image credit: ei1.com Ahhh Fall. It's the season for comfy sweaters, fabulous boots, spiced lattes and ... coming down with a nasty bug. Don't try to deny it - it's the truth! With less outdoor activity happening, and more time spent cooped up without fresh air, the germ game is on 100. In fact, according to a survey conducted by Staples, more than 73% of people catch the flu at work. I wasn't expecting to hear this stat because I was certain that it was our little petri dishes (i.e. kiddos) bringing the flu home from school. Turns out, it's our colleagues and co-workers that are sharing the germy love. The good news is that you can fight back with a strategy that might come as a surprise: Feng Shui. For guidance on how the art of Feng Shui can help keep my fellow entrepreneurs, small business owners and me healthy this flu season, I had the pleasure of speaking to expert Susan Chan of Feng Shui Creative. Susan started out as a graphic designer and also working in corporate event spaces -- it was during that time that she really embraced how our surroundings can affect us. Let me know if you can relate to this: you're trying your best to meet a deadline or create a piece of content, but you're completely distracted by the clutter on your desk or the lack of sunlight or feeling cramped. It happens to me too. Once Susan started implementing the concepts of Feng Shui, she started feeling a change internally and externally. image credit: decoist Here's how we can think outside of the box and take a total wellness approach: It's All About Energy Feng Shui is based on the seasons and elements. This is the time of year when our energy -- or chi -- contracts, and so it's important to achieve that perfect balance of energy flow. I found this tidbit to be so interesting: if the energy around you is moving too fast, you can't absorb all of the good energy; on the flip side, if it's too slow, then the energy stagnates. To help out the flow of energy in your space: Make sure to open windows and doors as often as you can (to allow the energy to move) Practice yoga or Qigong (to keep your energy flowing) Position your desk in a quiet space (to reduce overwhelm) Use uplighting (it pushes the energy upwards) -- even better if you are using full spectrum lights Embrace the Elements This probably won't come as a surprise but nature has a lot of the answers. Bring plants into your workspace (even if you can only swing a small one), since they are natural air purifiers. Susan also recommends that you introduce the colors of green and purple into your office space, which are considered wood elements. Lush and healing, wood elements bring the energy of vibrant health, vitality and growth to a workspace. Adding in some pretty rocks to your decor can also boost the energy as rock are considered earth elements. The Basics Do Work Regular hand washing and disinfecting surfaces really do make a difference. Even actions such … [Read more...] about Feng Shui the Flu Away with Staples
You have a boiling pot of water on the stove, and an apple pie cooking in the oven. Your one-year-old baby is sleeping in his cradle. You are on the phone with a delivery guy, handing them the details on how to find your address. You step out of the house for just a brief moment to collect your package, and you rush back to the front door, hoping nothing bad has happened while you were gone. You reach for the handle to get in and realize the door had automatically locked behind you when you went out. You've recently had your old and worn-out lock replaced with an automatic lock and you are still getting used to the new mechanism. You hear your baby crying, and you see smoke through the round glass insertion in your front door. Can you picture a similarly dramatic scenario happening to you? There are so many things that could happen when we least expect them, thus the importance of being prepared 24/7. While an emergency locksmith could help you rapidly get back into your home and avoid a tragedy, there are other practical safety precautions to consider. However, it is imperative to have a stash of cash that you can rely on in the event of an emergency or any type of a natural hazard hitting your home. And while most people use savings account, there are plenty who use the good ol' fashioned money-under-mattress approach. How to do feel about it and would you personally give it a try? Let's dig a little deeper into this topic. Ideal Locations To Stash Your Cash In The previously mentioned mattress might be one of the preferred go-to solutions for most people, but it is unfortunately one of the least viable ones. The majority of burglars will look there the moment they will set foot into your bedroom. Plus, a flood or a home fire will immediately ruin your paper money. Consider using a concealed container that can handle water and fire threats. Home safes and lockboxes are two of the best solutions in this regard. A safe can provide you with a higher level of security, especially if you are thinking about opting for a bolted model or a heavy one that cannot be picked or moved easily, without creating a lot of attention-drawing commotion. Talk to a specialized locksmith for homes and have them recommend the most suitable types of locks for your lockbox, or the sturdiest safe within your budget. The guys at www.ontimelocksmiths.com specialize in the entire array of locksmithing services for homes, commercial spaces, and vehicles. They can repair, re-key, or install fresh locks, fit sensor alarms and locks on windows, cabinets, drawers, mailing boxes, and gates, and handle a series of other similar services. Their 24-hour emergency mobile service can reach any location within the U.S. and handle emergency lock picking services for all types of locks. They also cut duplicate keys, reprogram transponder keys, and offer reliable advice and recommendations concerning the best locations for stashing valuable items and cash. Diversion safes look like … [Read more...] about Should You Keep A Stash Of Cash At Home?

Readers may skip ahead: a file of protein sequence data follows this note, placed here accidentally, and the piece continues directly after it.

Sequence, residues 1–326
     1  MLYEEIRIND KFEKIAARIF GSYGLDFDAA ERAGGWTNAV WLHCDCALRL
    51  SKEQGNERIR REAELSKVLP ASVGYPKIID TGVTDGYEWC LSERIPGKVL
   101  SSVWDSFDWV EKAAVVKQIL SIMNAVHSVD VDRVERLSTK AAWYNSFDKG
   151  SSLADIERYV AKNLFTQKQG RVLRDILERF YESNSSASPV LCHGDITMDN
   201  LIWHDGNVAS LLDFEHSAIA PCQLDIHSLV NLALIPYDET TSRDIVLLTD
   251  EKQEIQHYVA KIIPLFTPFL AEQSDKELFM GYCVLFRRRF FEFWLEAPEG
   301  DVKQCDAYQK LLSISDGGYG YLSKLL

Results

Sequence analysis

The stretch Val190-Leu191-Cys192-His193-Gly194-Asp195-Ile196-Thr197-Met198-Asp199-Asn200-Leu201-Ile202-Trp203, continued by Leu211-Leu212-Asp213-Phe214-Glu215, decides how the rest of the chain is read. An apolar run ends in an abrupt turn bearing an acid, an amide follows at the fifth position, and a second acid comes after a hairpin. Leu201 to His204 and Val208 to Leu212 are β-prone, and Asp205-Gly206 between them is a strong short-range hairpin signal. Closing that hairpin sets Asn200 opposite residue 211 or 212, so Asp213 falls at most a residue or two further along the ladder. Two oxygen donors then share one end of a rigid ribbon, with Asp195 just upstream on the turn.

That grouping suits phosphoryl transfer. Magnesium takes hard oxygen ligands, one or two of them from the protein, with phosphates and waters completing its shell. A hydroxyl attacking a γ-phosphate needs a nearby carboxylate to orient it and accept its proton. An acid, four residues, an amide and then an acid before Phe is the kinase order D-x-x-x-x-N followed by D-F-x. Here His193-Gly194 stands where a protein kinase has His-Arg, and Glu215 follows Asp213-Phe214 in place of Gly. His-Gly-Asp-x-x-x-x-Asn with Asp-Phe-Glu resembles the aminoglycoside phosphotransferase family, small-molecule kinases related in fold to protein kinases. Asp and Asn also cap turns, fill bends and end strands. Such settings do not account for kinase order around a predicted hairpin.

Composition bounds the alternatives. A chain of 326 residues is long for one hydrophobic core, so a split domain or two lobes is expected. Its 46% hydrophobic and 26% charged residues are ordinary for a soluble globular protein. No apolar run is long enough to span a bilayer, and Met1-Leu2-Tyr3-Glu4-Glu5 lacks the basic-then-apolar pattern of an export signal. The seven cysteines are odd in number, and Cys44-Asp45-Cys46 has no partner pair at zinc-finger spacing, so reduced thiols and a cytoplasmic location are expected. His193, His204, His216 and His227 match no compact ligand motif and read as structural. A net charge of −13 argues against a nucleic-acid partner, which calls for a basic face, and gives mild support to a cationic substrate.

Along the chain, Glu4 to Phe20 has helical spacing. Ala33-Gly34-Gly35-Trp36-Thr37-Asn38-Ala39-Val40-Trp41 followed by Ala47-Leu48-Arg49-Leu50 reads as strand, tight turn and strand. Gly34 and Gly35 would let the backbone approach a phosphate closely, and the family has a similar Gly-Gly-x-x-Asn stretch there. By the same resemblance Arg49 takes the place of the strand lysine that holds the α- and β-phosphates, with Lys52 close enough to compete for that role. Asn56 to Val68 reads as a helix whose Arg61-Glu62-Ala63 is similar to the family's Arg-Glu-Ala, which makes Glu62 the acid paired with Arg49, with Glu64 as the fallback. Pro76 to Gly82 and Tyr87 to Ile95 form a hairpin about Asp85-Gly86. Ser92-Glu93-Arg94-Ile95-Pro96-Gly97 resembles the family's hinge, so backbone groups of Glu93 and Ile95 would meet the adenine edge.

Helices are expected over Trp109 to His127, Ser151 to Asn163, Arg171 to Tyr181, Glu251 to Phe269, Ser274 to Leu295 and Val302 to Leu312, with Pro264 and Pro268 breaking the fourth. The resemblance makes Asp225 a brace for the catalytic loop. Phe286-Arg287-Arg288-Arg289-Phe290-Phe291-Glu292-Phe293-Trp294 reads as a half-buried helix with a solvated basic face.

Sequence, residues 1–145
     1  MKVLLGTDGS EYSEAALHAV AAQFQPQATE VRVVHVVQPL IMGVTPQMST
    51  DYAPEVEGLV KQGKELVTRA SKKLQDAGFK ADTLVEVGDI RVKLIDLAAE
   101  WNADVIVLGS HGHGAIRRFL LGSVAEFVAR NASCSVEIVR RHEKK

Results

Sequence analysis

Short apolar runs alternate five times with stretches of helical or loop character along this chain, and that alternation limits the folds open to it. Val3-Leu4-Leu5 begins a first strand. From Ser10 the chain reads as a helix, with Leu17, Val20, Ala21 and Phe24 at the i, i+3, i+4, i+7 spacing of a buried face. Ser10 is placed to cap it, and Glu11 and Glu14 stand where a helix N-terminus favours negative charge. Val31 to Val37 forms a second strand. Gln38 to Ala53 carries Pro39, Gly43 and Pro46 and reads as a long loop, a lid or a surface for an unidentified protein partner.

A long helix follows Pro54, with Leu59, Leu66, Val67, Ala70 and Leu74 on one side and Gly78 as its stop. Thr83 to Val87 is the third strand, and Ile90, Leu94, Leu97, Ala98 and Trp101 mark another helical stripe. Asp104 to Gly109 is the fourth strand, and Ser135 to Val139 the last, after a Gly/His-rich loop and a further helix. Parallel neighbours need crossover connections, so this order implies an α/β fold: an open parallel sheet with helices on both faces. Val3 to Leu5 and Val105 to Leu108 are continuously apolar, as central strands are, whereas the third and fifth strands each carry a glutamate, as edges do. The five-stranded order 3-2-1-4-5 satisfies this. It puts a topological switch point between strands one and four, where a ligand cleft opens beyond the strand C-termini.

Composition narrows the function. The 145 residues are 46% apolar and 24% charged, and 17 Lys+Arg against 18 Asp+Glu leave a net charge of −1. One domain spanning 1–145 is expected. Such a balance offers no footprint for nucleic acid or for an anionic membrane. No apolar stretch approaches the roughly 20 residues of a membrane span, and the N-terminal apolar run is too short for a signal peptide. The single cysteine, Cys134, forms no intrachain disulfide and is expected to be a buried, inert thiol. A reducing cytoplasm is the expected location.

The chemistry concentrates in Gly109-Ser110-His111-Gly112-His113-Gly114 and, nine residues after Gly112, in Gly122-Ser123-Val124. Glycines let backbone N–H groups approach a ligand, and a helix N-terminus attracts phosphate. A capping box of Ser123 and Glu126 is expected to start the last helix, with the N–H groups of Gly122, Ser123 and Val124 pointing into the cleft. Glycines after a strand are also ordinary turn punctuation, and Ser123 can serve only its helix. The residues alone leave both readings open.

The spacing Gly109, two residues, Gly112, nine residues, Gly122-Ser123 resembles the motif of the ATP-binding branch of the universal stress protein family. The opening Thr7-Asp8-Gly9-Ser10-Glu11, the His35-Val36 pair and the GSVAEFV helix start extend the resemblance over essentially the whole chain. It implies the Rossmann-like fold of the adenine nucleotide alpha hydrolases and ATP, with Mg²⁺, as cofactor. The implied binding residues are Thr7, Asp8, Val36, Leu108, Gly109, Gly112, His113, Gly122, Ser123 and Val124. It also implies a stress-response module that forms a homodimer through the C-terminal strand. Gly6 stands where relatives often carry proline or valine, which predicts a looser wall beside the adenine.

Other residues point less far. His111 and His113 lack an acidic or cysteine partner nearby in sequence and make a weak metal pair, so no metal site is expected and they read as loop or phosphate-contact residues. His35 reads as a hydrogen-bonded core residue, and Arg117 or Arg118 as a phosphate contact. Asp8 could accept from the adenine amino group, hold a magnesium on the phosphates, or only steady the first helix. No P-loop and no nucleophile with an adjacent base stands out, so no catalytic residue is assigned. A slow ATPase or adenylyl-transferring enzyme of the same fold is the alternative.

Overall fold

A few months ago, I was attending a parent meeting at my daughter's school where the principal was explaining their approach to academic placement, homework, and the middle experience in general. He said that his philosophy was that children should experience what he calls: "Productive Struggle." On the one hand, we want our children to be challenged and pushed to maximum potential; on the other hand, we don't want them to be challenged to the point of frustration and overwhelm, which can cause them to become disengaged and lose confidence. The happy middle ground, he suggested, is where they are being challenged, but also being successful and making progress. This is what he identifies as "productive struggle." When he said this, bells started going off in my head! I thought it was brilliant, while at the same time, being such a simple yet effective approach to learning. Ever since that evening, that term has stuck with me. I've mentally applied it to my children's participation in sports activities, and even selecting books at the public library. It works when considering troubled relationships too. I surprised myself, however, when I unintentionally applied it to a fellow entrepreneur (and adult)! She was lamenting how difficult keeping her business running had become, and was questioning whether it was time throw in the towel. It made me think: maybe the way to decide when it's quitting time is to determine when the entrepreneurial struggle is no longer productive. Being an entrepreneur is the opposite of easy. The "hustle" is glorified these days and those who are pursuing their passions and are quitting their day jobs and are on #TeamNoSleep are championed through an incessant amount of colorful quotes on Instagram. The truth is, being an entrepreneur is grueling - mentally, physically, financially, emotionally and more. (The ones who are honest will talk about these aspects too - not just that one time they had a 5-figure month or when Usher posted a pic of himself wearing their t-shirt on IG). Let's be real: those of us on the full-time entrepreneur grind probably question our sanity about once a week. Tweet It: Let's be real: those of us on the full-time entrepreneur grind probably question our sanity about once a week. SN: I was joking (sorta) with a fellow girl boss over text last week that sometimes I fantasize about working at the soft pretzel kiosk at the mall. Clock in. Serve pretzels. Clock out. Sounds glorious. But you know what keeps us at it? The fact that our Struggle has definite moments of Productivity. The good outweighs the bad. We have that bang-up month after barely breaking even for weeks. We land that client that we've been courting for months. We finally figure out a sales funnel that converts. We get a book deal. A media outlet asks to interview us. And so on. It's when we are stuck in an endless, fruitless struggle that might be the clue to re-evaluate. What that looks like? Only you can … [Read more...] about Is your entrepreneurial struggle no longer productive? A perspective.